One of my favorite things to do during spring and fall migration is to get on my bicycle and go birding! Birding-by-bike is truly a wonderful experience and I think it is one of the best ways to bird an area that you would otherwise drive. There are some challenges when birding-by-bike though. For example, how do you carry all of your birding gear – you know binoculars, scope, tripod, field guides, water, and a few munchies. As you can see in the photo below, I have attached an expandable bike bag on to the rear fender of my bike and I fill it with small essentials and munchies that will carry me through a ride. I then strap my scope securely on top of the bike bag and place a field guide in the back pocket so that it is handy.

I use a Cordura tripod backpack to carry my tripod. It has padded shoulder straps and a zippered pocket that allows me to carry more stuff but I do not use this pocket when birding-by-bike because I do not like having anything poking me in the back as I am peddling. Once the tripod backpack straps are adjusted and the tripod legs are fully retracted it is a comfortable set up. To complete my set up, I strap my binoculars over my shoulders and the tripod backpack so that I can use them with relative ease during the bike ride.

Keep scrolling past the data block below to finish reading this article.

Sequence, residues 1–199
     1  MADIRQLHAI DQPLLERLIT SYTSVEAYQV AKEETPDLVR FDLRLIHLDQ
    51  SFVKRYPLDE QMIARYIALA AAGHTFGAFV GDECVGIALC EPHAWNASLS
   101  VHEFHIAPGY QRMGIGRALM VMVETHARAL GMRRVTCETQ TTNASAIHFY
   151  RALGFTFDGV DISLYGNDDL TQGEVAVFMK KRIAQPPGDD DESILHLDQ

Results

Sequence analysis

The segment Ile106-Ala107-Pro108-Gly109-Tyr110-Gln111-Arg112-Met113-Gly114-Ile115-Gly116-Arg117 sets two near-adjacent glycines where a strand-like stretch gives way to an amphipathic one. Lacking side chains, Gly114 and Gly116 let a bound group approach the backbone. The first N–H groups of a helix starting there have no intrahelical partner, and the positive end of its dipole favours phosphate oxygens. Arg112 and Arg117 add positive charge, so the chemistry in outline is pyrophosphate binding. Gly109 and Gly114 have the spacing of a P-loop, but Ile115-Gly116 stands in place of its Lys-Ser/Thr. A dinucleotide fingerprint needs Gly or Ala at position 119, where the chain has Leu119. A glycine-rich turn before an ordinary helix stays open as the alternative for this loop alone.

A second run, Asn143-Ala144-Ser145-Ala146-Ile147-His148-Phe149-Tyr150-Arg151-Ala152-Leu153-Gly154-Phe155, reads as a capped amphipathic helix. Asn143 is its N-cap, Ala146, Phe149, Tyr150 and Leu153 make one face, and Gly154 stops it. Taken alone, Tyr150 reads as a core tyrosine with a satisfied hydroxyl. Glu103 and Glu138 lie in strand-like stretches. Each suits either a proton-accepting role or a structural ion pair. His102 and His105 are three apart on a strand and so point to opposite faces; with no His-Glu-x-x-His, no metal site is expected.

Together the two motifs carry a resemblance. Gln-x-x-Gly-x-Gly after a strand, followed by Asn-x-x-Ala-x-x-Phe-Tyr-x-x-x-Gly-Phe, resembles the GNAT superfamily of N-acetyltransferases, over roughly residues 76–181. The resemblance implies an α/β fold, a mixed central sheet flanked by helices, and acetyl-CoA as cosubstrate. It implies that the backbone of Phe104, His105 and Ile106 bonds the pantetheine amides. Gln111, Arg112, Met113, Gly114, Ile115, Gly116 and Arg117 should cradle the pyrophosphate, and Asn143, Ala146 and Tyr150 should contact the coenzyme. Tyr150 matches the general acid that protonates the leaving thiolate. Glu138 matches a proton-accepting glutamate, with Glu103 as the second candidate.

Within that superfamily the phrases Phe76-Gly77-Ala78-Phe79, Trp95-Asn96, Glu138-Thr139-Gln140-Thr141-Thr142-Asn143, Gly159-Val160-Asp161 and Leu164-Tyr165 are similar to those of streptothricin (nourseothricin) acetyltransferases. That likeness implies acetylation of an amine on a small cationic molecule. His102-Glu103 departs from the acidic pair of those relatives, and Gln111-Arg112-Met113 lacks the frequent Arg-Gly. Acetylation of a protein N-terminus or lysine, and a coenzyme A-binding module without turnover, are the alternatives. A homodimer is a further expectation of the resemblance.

On my first birding-by-bike trip, I had my scope attached to the tripod, which I then carried on my back. I learned very quickly that that was not a good set up since the scope was constantly whacking the back of my head! In addition, carrying all that weight on my back while biking was taxing so the set up I use now suits me just fine.

While birding-by-bike, you hear and see so much more than you would from your car and you have greater freedom of movement to explore areas you may otherwise drive by. For example, on a birding-by-bike trip that Mark and I led just yesterday morning we were able to listen to and watch a small pocket of warblers flitting among the shrubs before moving on to our next stop.

We were also hearing and seeing birds in-between our stops that we would have otherwise missed if we birding by car. Mark and I are fortunate that some of our friends also enjoy birding-by-bike and they are eager to join us on our trips, rain or shine.

I cannot think of a better way to spend a morning in May!